Title: John Newton Johnson to Walt Whitman, 20 February 1877
Date: February 20, 1877
Source: Transcribed from digital images or a microfilm reproduction of the original item. For a description of the editorial rationale behind our treatment of the correspondence, see our statement of editorial policy.
Location: The Charles E. Feinberg Collection of the Papers of Walt Whitman, 1839–1919, Library of Congress, Washington, D.C.
Whitman Archive ID: loc.02401
Contributors to digital file: Vince Moran, Eder Jaramillo, Alicia Bones, Kevin McMullen, Nicole Gray, Kenneth Price, and Elizabeth Lorang
Nothing from you since last of July—I sent a card early in August, and a few lines at Christmas. Much serious experiences in past seven months, and would be sad, except to "a ruler of life or a powerful conqueror"1—still commanding plenty and peace and goodwill with all people. Are you going to live and be happy, and write and print good things for the world and [illegible] [Hilton?] [still?] [Alabama?]
John Newton Johnson was a colorful and eccentric self-styled philosopher from rural Alabama. There are about thirty letters from Johnson in the Charles E. Feinberg Collection of the Papers of Walt Whitman, 1839–1919 (Library of Congress, Washington, D.C.), but unfortunately there are no replies extant, although Whitman wrote frequently for a period of approximately fifteen years. When Johnson wrote for the first time on August 13, 1874, he was forty-two, "gray as a rat," as he would say in another letter from September 13: a former Rebel soldier with an income between $300 and $400 annually, though before the war he had been "a slaveholding youthful 'patriarch.'" He informed Whitman in the August letter that during the past summer he had bought Leaves of Grass and after a momentary suspicion that the bookseller should be "hung for swindling," he discovered the mystery of Whitman's verse, and "I assure you I was soon 'cavorting' round and asserting that the $3 book was worth $50 if it could not be replaced, (Now Laugh)." He offered either to sell Whitman's poetry and turn over to him all profits or to lend him money. On October 7, 1874, after describing Guntersville, Alabama, a town near his farm from which he often mailed his letters to Whitman, he commented: "Orthodoxy flourishes with the usual lack of flowers or fruit." See also Charles N. Elliot, Walt Whitman as Man, Poet and Friend (Boston: R. G. Badger, 1915), 125–130.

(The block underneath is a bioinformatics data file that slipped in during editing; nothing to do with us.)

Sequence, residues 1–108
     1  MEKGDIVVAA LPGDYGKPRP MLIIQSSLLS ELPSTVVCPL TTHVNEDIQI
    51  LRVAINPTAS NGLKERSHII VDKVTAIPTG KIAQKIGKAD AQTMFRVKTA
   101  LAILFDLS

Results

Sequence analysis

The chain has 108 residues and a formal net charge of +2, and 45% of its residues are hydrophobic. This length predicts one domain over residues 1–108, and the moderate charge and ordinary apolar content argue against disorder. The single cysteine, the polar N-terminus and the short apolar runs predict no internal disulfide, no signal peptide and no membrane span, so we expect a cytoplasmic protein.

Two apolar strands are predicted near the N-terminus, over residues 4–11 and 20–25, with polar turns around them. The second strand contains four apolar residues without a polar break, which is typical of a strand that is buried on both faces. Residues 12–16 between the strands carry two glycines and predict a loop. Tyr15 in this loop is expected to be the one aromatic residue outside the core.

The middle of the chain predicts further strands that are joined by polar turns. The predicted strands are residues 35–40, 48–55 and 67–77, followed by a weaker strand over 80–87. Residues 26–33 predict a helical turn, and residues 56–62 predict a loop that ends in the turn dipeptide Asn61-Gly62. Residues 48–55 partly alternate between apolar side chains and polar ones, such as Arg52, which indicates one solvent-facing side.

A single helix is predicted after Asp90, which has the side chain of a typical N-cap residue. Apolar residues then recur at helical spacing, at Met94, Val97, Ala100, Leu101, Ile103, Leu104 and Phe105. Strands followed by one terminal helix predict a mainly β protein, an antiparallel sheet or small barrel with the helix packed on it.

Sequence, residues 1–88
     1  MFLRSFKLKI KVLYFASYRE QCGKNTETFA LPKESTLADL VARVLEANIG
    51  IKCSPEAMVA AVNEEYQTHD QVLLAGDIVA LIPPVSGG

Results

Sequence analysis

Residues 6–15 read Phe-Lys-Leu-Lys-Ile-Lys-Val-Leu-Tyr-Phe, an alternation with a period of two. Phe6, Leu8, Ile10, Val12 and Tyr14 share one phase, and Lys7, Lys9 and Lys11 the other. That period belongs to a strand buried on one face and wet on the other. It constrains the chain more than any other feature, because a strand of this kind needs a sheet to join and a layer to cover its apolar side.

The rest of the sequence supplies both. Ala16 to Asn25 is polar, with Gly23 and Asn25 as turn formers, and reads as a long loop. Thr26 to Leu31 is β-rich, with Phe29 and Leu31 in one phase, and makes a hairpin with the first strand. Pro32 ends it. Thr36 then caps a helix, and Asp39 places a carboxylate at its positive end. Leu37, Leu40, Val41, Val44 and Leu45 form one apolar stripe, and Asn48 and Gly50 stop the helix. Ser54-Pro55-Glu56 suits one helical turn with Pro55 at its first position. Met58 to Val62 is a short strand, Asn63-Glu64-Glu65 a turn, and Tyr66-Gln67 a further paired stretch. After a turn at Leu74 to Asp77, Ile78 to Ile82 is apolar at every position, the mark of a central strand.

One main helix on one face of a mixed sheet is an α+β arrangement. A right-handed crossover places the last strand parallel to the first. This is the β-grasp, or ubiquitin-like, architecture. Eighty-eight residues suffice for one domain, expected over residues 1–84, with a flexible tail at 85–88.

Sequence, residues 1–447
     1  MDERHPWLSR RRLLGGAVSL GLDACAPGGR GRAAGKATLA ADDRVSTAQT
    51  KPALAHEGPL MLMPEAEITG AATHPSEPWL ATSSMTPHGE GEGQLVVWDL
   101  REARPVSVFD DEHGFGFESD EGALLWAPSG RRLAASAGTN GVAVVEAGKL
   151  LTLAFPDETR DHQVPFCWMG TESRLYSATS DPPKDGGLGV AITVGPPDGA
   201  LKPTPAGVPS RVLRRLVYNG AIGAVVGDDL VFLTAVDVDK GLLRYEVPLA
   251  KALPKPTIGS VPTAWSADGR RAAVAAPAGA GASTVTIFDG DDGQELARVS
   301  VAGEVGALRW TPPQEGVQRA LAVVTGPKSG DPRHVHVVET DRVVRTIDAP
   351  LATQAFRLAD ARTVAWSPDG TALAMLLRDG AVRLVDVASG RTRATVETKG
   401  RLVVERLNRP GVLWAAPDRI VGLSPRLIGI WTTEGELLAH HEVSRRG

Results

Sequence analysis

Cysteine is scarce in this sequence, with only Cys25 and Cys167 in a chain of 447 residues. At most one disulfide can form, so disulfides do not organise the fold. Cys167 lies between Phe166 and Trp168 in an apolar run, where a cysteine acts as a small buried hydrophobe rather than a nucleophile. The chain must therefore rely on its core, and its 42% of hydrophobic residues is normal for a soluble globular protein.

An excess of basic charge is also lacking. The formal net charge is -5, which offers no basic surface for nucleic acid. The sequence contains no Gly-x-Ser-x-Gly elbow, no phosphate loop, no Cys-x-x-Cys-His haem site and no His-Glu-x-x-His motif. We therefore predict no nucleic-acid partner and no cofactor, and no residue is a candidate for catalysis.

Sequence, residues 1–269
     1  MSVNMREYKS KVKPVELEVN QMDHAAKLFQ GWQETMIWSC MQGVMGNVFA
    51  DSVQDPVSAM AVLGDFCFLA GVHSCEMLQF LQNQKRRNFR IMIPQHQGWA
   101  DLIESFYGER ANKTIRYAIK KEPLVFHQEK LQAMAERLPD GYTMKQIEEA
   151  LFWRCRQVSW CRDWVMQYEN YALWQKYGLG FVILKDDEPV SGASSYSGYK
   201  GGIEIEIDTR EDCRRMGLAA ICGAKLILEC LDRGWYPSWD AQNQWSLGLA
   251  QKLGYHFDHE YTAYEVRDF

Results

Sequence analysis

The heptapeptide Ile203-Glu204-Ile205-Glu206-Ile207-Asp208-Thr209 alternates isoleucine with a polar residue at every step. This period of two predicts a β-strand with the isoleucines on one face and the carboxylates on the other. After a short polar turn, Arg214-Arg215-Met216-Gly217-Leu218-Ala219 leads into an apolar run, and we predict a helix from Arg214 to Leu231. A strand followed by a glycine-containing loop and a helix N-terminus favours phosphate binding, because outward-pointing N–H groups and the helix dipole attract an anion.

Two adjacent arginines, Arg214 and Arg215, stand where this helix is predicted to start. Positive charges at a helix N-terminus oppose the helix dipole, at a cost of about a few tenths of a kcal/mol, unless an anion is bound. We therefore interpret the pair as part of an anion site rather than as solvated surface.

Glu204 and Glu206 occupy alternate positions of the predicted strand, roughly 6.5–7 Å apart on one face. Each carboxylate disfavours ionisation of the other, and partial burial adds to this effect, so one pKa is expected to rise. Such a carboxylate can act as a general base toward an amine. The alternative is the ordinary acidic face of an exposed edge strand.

1. A slightly misquoted line from Whitman's "A Poem of Joys." In the 1871 edition of Leaves of Grass the line reads: "O, while I live, to be the ruler of life—not a slave, / To meet life as a powerful conqueror, / No fumes—no ennui—no more complaints, or scornful criticisms." [back]